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Portland extends outdoor business program through winter

The program was set to expire Nov. 1, but PBOT extended the program through March after owners told the city they wanted permits to help get them through winter.

PORTLAND, Ore — The city of Portland is extending its program that allows businesses to use space on sidewalks and streets for their costumers, due physical distancing required during the COVID-19 pandemic.

Hundreds of Portland businesses put up tables and chairs in street parking spots and on sidewalks over the summer.

They were able to do so through the Portland Bureau of Transportation's (PBOT) Healthy Businesses Program, launched in late May. The program allowed many businesses to reopen, stay afloat and hire back staff when Multnomah County entered Phase 1 in mid-June.

"Demand has been really good. People are excited to get outside and be somewhere where they can be socially distanced," Jam on Hawthorne co-owner Katie Prevost said. "It's really been a lifesaver for us being able to offer people a safe space outside."

The free permits were set to expire Nov. 1. PBOT extended the program through March 31, 2021 after owners and customers told the city they wanted the permits to push them through winter.

Many restaurant, bars and retail shops feared they wouldn't make it through a Pacific Northwest fall and winter without the option to do business and seat people outside.

"We are waiting until things are a little bit safer before we reopen inside. So it would be a big hit," Prevost said.

"It would be pretty catastrophic for our business. With dining rooms - indoor dining - at 50-percent capacity there's very little way we'd be able to do the type of numbers we would need to do in order to stay open," Pine State Biscuits co-owner Brian Snyder added.

Credit: Portland Bureau of Transportation
The Winter Healthy Businesses Program allows tents in the public right of way as long as businesses comply with certain conditions to ensure the safety of drivers, customers and employees.

"I think [winter is] going to have an impact on business, and not a good one. We are definitely going to lose some customers who don’t want to sit outside in the cold and rain. But we’re going to do everything we can to ensure that we create warm comfortable seating as much as possible," Snyder said.

Businesses will have different needs than they had during the summer. Many want to purchase heaters and tents to keep people comfortable during rain and chillier temperatures. With that, comes new requirements from PBOT to keep drivers and pedestrians safe.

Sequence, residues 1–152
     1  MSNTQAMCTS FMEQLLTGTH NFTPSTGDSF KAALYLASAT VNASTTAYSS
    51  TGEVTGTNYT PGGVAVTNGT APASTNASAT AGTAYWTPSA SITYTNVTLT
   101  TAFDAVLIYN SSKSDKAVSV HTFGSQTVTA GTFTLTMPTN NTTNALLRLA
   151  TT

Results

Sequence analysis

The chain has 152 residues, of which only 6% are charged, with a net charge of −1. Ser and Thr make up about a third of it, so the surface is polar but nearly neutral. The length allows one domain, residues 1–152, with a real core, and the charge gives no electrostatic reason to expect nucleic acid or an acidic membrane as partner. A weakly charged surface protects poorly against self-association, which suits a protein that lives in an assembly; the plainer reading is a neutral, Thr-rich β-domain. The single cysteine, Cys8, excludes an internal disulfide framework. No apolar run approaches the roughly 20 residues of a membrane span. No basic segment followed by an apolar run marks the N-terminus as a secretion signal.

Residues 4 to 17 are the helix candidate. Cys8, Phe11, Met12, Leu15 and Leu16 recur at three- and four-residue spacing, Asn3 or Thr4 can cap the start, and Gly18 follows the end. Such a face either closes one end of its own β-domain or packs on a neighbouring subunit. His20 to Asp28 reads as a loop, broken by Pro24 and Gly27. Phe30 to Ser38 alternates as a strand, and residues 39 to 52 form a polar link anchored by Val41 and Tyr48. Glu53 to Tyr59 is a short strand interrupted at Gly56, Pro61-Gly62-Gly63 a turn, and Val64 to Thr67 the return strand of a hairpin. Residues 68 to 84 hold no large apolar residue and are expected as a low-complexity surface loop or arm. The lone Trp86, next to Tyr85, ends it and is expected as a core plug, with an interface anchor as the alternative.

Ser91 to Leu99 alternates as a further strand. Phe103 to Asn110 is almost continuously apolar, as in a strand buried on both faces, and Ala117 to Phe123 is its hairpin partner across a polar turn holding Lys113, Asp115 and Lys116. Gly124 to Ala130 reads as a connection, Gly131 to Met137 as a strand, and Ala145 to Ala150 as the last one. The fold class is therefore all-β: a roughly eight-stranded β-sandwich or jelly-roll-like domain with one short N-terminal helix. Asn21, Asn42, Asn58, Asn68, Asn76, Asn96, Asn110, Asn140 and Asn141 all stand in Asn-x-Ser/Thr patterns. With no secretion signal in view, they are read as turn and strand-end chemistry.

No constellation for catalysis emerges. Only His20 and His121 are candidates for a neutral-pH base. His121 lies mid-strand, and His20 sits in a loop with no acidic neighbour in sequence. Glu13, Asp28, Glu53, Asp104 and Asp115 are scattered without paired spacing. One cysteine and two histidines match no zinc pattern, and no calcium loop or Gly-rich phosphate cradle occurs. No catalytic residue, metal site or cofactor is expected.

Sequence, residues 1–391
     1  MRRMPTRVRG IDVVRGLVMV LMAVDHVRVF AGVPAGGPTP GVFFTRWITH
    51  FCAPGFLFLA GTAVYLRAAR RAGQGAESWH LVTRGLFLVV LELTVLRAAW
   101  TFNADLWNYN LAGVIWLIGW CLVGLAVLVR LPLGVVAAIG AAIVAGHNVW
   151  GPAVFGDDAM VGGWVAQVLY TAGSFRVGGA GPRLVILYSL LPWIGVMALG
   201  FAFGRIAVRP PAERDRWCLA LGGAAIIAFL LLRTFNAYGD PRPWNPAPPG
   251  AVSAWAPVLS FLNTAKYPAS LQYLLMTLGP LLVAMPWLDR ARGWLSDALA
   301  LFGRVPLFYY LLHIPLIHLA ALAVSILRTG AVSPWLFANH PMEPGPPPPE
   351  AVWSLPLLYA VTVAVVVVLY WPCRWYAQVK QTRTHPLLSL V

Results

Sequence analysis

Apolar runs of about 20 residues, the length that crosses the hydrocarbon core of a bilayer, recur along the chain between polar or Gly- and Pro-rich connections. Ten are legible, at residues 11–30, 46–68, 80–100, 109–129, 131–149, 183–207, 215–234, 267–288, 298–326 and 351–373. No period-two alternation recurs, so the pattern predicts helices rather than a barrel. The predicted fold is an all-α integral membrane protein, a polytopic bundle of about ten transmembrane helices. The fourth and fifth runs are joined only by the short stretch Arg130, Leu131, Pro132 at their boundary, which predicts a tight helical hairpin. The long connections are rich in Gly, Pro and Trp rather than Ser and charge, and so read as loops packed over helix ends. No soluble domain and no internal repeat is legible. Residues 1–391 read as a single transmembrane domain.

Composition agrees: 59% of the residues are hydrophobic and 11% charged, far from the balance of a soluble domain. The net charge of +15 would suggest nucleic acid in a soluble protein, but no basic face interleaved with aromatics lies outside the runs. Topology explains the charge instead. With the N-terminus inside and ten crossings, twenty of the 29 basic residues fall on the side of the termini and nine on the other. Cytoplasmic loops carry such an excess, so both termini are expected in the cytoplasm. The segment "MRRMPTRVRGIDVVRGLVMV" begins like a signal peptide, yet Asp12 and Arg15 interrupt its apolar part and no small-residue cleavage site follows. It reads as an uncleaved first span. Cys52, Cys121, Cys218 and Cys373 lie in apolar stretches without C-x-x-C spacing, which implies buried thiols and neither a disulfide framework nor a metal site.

The Winter Healthy Businesses Program allows tents in on-street parking space but doesn't allow tents within 50 feet of an intersection for visibility and safety reasons, unless an exception is granted. The program also gives guidance on extension cord and heater use.

"Now the challenge is making sure that we can cover seating, condition the spaces and also avoid any issues with sight-lines for pedestrians and cars," Snyder added.

Bars and restaurants are hustling to get heaters and tents, including Pine State Biscuits which is planning to do a long open enclosure with two sides open and the others closed to maintain heat. 

Snyder says they've been proactive the past couple months in anticipation of chillier temperatures but supplies are dwindling.

"We've got canvas tents rented for our multiple locations. And we're trying to source heaters right now which are scarce all over the country because we're not the only restaurant that's trying to maintain outdoor seating."

"We've got some canopies on order and are trying to find more. They're in short supply right now but I've been looking far and wide and located a few, at least, so they should be here in time for the weekend rain," Jam on Hawthorne co-owner Gordon Feighner said.

This program is not an automatic extension of the summer permits. Businesses must re-apply for winter permits and they will be granted on a case-by-case basis.

Businesses using outdoor space on private property, including off-street parking lots, may be able to do so without a permit from the city. 


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